Rethinking feedback in learning

Does feedback always improve learning?

Instructional designers often assume that feedback is necessary in learning design to correct errors, confirm knowledge, and provide direction, especially in asynchronous learning. Writing feedback is such a common task in elearning design that most rapid authoring programs have quiz-making features to automate it for instructional designers. They provide some variation on the default “Yes – that’s correct!” and “Sorry, try again.” responses. If your project timeline and budget allows, you can customize the responses to specific selections. But is feedback always valuable? Does it lead to better learning?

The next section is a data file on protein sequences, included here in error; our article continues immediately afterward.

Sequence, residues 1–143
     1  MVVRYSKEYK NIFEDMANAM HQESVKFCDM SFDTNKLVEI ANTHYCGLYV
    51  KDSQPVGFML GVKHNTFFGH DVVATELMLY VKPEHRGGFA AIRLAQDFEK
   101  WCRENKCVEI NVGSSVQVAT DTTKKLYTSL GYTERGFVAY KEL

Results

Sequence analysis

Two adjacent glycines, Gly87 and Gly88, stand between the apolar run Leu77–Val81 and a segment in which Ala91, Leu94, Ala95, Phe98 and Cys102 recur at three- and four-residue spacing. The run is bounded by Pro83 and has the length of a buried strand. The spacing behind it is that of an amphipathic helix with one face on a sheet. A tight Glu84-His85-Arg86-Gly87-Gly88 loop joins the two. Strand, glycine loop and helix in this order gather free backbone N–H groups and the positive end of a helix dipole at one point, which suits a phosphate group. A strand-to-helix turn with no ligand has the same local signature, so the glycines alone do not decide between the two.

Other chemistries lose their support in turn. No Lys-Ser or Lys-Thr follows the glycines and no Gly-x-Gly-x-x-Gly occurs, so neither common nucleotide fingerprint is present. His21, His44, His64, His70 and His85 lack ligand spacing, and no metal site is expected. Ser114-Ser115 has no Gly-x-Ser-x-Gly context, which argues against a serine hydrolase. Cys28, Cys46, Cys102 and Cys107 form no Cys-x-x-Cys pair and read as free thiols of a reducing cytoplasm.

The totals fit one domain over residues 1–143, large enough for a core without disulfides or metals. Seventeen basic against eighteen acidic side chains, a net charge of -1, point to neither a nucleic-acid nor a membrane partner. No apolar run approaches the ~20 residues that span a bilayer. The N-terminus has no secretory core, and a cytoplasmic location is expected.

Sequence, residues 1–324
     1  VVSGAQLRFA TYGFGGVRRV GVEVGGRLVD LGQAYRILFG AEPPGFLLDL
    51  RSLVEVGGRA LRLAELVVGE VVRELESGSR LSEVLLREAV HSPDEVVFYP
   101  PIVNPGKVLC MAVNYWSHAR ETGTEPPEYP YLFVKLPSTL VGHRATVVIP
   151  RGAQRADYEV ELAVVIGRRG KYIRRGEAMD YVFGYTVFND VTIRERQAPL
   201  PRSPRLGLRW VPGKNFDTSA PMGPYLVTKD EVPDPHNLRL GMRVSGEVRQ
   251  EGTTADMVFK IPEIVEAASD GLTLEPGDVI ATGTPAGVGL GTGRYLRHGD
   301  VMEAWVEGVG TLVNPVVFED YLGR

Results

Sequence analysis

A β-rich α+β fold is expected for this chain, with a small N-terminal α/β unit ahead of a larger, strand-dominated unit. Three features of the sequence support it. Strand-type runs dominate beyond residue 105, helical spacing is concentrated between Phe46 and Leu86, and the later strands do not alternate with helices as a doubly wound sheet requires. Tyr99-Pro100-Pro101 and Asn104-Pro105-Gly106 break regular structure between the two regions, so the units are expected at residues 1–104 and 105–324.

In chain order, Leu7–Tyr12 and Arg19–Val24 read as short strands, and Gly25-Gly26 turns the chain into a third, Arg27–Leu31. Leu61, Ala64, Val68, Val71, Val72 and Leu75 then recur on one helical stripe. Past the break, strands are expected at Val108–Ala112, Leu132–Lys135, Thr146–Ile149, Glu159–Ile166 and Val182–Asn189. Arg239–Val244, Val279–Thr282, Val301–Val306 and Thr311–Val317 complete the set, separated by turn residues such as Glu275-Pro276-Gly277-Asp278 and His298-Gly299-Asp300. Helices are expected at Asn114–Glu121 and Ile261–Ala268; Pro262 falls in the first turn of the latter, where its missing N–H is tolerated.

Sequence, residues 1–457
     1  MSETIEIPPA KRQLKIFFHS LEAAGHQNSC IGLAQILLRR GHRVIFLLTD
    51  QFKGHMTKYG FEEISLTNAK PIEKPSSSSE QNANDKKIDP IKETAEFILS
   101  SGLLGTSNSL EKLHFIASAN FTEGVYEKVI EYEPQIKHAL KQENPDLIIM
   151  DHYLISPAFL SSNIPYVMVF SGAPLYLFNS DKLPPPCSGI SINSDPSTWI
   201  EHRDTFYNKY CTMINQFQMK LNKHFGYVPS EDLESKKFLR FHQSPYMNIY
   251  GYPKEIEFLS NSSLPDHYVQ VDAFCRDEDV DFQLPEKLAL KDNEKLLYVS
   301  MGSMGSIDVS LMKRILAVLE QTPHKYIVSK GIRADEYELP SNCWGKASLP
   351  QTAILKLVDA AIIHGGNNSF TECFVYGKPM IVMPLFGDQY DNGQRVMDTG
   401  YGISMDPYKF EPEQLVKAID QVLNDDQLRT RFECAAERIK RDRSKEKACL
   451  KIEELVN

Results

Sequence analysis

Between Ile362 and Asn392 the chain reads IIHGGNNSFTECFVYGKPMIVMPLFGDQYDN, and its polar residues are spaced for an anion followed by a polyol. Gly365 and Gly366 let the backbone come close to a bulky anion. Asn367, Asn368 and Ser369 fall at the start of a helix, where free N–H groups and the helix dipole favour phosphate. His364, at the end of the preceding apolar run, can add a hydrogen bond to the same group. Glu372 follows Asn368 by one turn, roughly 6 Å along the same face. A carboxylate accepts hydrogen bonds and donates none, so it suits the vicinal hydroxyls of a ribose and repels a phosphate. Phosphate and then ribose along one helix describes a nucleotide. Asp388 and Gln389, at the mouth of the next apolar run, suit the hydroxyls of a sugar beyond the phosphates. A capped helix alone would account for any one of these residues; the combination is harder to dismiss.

Not always. Feedback can’t overcome deficiencies or problems in the learning content or design. In other words, if learners don’t understand the content, feedback after quizzes or activities won’t solve the lack of understanding. The better solution is to redesign the course content, activities, and assessments.

Feedback is most beneficial to reinforce difficult or challenging content, and refresh content that learners have forgotten. Feedback also helps learners navigate their own path and set their own goals through the learning content, important features for self-directed learners.